Best Hair Wash
Tokyo has its public baths, Bangkok has its foot massages. But what few outsiders know is that when it's time to let your hair down in Hanoi, you go get it washed. Welcome to the Vietnamese capital's lam toc goi dau. Tucked in the labyrinth of narrow alleys, the city's ubiquitous hair-washing shops offer a front-row seat to neighborhood life that travelers might otherwise miss.
There was a time when the term goi dau was a code for prostitution, but hair-washing today is a clean affair. Though men are welcome, these cramped shops where children play tag between swivel stools and soap operas hum in the background are really the sanctuary of women. This is gossip central, a place to unwind after work, before going home to make dinner. Though you may not understand the banter, lying back in the chair as your hair is washed and your scalp massaged, there's no mistaking the sighs over stories of wayward husbands or the high price of vegetables.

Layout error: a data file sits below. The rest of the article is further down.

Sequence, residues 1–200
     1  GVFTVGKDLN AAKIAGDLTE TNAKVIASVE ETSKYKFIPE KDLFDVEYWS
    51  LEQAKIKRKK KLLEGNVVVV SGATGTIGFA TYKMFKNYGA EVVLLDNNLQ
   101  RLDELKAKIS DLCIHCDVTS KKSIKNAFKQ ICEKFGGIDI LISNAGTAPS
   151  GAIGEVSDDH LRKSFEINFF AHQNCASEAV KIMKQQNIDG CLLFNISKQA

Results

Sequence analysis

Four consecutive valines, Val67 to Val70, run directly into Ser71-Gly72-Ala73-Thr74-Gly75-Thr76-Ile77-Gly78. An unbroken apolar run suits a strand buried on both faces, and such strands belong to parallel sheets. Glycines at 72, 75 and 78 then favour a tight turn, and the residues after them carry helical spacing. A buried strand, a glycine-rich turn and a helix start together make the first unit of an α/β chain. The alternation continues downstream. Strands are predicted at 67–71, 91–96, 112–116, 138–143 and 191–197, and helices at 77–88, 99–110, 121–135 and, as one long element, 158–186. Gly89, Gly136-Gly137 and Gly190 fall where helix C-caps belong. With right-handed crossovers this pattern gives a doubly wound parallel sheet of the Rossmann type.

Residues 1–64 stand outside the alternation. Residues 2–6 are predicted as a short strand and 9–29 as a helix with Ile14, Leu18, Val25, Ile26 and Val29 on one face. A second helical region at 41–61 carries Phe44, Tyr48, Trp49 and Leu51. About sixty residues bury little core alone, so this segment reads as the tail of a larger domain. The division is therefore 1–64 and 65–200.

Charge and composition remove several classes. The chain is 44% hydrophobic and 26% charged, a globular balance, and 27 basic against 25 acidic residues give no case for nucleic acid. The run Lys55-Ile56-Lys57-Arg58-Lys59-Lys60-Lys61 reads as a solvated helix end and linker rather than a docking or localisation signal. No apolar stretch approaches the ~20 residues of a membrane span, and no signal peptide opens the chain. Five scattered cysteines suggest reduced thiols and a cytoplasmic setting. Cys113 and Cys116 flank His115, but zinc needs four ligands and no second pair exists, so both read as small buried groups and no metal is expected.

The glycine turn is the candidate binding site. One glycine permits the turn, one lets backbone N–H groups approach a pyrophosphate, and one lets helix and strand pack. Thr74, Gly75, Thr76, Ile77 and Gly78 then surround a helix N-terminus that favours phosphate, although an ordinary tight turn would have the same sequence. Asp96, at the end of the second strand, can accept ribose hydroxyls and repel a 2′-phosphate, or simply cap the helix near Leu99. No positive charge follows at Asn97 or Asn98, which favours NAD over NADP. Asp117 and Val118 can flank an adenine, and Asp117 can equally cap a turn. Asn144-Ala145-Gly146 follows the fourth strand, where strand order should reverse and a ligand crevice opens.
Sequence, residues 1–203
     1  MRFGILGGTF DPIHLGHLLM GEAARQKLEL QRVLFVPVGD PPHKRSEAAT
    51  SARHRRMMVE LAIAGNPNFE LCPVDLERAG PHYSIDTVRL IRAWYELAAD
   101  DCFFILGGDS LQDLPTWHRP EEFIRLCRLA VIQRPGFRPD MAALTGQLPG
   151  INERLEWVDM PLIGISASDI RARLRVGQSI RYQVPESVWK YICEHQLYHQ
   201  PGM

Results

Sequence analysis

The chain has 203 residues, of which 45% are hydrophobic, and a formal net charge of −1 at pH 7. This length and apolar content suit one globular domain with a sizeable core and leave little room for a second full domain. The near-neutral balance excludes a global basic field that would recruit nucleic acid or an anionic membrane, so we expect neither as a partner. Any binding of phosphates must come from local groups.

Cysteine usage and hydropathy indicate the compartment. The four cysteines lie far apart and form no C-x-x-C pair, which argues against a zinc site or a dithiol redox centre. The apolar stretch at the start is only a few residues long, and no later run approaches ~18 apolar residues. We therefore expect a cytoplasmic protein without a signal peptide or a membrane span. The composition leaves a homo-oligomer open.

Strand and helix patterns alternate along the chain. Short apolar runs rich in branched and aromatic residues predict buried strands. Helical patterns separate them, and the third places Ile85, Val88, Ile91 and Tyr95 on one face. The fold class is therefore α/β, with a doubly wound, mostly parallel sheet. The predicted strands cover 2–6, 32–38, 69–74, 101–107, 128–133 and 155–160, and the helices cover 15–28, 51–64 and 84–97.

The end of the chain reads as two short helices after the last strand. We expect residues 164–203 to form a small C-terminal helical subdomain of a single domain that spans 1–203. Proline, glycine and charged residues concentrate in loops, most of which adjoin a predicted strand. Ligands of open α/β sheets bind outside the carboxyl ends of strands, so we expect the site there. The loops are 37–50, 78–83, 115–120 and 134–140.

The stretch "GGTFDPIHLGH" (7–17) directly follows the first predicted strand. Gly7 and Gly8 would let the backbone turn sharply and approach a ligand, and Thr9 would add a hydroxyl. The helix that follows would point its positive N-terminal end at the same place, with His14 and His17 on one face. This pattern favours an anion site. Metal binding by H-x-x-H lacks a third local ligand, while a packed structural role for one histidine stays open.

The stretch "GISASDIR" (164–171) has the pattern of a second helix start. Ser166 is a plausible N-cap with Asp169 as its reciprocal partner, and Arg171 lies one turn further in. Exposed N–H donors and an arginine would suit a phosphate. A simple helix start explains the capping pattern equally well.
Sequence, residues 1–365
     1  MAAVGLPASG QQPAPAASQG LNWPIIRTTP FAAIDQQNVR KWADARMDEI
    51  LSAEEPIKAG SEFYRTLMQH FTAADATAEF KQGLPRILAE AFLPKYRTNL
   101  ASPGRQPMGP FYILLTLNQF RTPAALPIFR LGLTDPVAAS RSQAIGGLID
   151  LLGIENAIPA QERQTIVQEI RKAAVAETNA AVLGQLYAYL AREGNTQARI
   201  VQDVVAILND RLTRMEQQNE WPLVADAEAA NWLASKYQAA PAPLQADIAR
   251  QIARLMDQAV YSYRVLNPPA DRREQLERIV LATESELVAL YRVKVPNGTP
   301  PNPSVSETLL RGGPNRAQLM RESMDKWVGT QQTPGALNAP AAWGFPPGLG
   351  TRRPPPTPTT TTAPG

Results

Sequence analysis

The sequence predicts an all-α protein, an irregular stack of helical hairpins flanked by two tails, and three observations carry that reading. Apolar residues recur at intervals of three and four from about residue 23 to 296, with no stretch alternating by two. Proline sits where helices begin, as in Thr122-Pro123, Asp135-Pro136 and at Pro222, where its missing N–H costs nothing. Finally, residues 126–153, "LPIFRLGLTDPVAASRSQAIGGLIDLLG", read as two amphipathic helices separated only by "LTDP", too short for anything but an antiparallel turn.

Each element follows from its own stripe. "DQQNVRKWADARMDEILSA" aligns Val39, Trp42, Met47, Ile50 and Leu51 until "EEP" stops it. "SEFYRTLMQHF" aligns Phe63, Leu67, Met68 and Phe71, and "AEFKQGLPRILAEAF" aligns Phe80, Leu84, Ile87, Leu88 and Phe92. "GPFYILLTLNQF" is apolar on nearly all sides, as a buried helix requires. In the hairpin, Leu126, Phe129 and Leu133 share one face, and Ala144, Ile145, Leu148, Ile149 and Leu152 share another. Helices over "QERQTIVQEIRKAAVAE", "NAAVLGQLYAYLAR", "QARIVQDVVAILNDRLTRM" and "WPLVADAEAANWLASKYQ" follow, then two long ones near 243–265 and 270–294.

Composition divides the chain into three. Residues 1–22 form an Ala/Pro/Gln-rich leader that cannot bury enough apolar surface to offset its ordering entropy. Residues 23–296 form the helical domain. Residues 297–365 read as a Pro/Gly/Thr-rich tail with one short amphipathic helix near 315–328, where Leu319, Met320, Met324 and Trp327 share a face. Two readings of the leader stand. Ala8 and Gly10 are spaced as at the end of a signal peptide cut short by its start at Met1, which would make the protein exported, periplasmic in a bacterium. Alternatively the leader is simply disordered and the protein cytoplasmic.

Don't expect glamour (especially for less than a dollar, including massage). As in many homes, towels hang from nails and the family altar vies for space with the rice cooker. Hair dryers and buckets of water sit next to each other. Indeed, the smaller shops don't have hot running water. It is fetched from a coal stove on the sidewalk. Don't be put off by the possibility of electrocution or the fact that you're eavesdropping on a conversation you can't understand. If you lie back and listen, for a few moments you'll feel like you belong.
Next Dive Bombing